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|You Were Never Really Here|
dir-scr Lynne Ramsay
prd Lynne Ramsay, Rosa Attab, Pascal Caucheteux, James Wilson
with Joaquin Phoenix, Judith Roberts, Ekaterina Samsonov, John Doman, Alessandro Nivola, Alex Manette, Frank Pando, Vinicius Damasceno, Jason Babinsky, Jonathan Wilde, Kate Easton, Dante Pereira-Olson
release UK Oct.17 lff, US 23.Feb.18
17/UK Film4 1h25
This is a rescue: Phoenix and Samsonov
CANNES FILM FEST
TORONTO FILM FEST
|R E V I E W B Y R I C H C L I N E|
This singular thriller by Lynne Ramsay is like a slap across the face, a fresh approach to the genre. It's also unapologetically an arthouse film, demanding a lot from the audience as it presents a swirl of imagery and sound to finely define the central character without being obvious. Anchored by a burly-bear performance from Joaquin Phoenix, it's definitely not an easy film, but it isn't easy to shake.
In New York, freelance heavy Joe (Phoenix) is hired to inflict some pain on whoever kidnapped Nina (Samsonov), the teen daughter of a recently widowed state senator (Manette). When he's not working, Joe lives with his cantankerous mother (Roberts) and hangs out with his handler McCleary (Doman). But this job isn't going as expected, perhaps because there are larger forces at work here. And the violence is triggering Joe's memories both from his military service and his rough childhood.
Ramsay puts us into Joe's head to evoke powerful emotions. Thomas Townend's beautiful photography plays with light, colour, reflections and shadows to weave flashbacks into the main action without ever quite coming into focus. Audiences who want the full story might be annoyed by this approach, which is immersive and demanding. Glimpses of a child shot in the desert or a boy cowering from his father add tension to the main story, which has obvious parallels to Taxi Driver yet veers off in its own directions.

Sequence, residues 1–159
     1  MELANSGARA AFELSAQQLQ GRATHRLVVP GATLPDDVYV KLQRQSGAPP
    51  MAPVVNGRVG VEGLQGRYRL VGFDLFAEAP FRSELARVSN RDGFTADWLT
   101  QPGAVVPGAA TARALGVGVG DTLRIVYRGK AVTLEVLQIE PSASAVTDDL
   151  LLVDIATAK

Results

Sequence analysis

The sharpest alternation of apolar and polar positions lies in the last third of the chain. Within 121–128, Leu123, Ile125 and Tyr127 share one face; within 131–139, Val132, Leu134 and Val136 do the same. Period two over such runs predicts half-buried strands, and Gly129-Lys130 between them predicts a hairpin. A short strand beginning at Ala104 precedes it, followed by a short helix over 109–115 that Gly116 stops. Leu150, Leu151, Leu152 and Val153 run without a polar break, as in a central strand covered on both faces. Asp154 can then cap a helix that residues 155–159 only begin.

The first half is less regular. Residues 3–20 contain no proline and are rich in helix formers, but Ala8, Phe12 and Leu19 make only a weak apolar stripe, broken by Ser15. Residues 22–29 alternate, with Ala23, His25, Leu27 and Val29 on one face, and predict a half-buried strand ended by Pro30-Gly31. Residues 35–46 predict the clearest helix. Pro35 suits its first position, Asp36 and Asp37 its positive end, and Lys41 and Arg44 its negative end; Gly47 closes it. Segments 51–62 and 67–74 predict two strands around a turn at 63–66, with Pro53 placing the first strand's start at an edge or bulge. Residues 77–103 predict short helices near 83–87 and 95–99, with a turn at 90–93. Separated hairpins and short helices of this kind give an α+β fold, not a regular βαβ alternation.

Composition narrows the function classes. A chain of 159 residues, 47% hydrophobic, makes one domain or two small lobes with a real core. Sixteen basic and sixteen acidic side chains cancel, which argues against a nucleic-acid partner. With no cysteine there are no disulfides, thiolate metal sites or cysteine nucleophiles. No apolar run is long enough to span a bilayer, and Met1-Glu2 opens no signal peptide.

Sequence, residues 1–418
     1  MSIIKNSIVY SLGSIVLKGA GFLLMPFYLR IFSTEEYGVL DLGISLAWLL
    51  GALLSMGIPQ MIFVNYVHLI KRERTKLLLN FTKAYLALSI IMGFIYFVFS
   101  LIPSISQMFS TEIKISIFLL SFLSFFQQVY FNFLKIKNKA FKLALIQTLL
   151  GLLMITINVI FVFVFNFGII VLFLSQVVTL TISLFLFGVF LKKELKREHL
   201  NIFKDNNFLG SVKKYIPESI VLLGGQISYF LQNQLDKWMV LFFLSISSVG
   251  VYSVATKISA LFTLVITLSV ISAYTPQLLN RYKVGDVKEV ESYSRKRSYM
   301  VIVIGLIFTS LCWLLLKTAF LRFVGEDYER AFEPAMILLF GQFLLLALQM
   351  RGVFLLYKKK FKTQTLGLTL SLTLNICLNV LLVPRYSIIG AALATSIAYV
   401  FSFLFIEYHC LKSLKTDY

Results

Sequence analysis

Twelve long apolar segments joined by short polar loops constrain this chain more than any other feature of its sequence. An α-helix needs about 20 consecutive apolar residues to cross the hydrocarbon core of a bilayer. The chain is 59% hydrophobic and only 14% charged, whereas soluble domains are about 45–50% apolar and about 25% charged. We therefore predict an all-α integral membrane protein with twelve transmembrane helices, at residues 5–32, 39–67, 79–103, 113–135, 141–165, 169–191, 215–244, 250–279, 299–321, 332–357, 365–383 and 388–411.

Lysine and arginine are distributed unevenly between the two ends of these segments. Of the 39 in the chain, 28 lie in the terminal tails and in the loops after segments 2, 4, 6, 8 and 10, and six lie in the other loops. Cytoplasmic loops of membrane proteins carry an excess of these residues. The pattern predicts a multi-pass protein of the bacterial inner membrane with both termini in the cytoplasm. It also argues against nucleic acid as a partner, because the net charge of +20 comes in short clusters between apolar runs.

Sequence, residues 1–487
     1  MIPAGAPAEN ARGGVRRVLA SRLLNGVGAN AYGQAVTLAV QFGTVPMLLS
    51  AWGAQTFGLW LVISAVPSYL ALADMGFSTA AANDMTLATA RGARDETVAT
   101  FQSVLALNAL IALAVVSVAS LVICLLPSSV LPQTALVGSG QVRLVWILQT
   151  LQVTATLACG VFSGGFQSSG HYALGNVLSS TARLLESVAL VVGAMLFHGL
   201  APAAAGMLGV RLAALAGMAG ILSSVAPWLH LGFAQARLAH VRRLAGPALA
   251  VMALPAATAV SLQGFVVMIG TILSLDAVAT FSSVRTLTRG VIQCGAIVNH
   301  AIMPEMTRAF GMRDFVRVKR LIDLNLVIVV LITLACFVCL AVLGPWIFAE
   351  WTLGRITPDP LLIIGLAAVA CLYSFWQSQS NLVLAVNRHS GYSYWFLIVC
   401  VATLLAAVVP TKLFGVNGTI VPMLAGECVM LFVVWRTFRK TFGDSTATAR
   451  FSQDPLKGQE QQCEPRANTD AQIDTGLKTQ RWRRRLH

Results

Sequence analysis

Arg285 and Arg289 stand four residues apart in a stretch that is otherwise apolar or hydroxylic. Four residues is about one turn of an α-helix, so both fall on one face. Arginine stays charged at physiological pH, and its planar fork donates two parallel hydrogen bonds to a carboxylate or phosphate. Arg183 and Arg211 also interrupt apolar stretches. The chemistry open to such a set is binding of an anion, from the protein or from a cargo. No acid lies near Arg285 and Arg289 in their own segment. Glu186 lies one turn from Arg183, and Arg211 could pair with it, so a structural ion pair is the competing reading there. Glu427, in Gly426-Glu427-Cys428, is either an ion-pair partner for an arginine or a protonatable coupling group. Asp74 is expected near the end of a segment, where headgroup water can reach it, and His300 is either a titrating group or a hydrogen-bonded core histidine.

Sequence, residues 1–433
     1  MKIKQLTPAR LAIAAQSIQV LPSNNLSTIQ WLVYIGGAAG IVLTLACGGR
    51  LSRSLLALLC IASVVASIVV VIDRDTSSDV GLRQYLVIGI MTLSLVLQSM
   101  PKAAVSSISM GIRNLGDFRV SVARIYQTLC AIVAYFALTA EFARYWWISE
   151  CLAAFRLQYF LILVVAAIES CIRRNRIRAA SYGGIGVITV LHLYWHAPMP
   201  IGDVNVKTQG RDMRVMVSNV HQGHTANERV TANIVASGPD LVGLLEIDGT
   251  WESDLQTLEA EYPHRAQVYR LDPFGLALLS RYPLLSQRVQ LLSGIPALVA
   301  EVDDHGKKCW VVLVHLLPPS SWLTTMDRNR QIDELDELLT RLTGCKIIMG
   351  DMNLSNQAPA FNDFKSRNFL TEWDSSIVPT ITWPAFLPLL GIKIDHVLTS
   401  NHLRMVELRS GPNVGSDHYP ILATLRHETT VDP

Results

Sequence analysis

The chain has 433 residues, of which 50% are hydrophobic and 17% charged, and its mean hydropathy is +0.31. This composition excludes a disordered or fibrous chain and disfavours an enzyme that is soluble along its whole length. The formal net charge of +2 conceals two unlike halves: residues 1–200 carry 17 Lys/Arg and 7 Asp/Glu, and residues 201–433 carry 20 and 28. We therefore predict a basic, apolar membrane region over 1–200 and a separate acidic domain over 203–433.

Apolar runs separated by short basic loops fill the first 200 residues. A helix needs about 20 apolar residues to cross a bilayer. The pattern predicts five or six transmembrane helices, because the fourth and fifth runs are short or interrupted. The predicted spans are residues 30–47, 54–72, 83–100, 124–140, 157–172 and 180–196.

Phoenix nicely underplays Joe as a reticent man who has clearly seen a lot. With his woolly beard and scarred torso, he's a gentle hulk trying to remain invisible as he patiently cares for his mother. He also takes his work seriously, most notably as he quietly and efficiently storms a vile brothel to rescue Nina. There is blood everywhere Joe goes, and he's not quite sure if it was there when he got there, or if he has killed again.
Ramsay's approach lets the supporting cast fade into the background. These are people with their own issues who tangentially cross paths with Joe. And as he finds himself in the middle of a bigger conspiracy, there's a sense that he has caused this, when obviously he hasn't. In addition to the fine acting, direction and camerawork, Joe Bini's moody editing, Jonny Greenwood's visceral score and especially Paul Davies' fiercely clever sound design are expertly deployed to create an almost overwhelming atmosphere that doesn't outstay its welcome. A real stunner.
|R E A D E R R E V I E W S|
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© 2017 by Rich Cline, Shadows on the Wall
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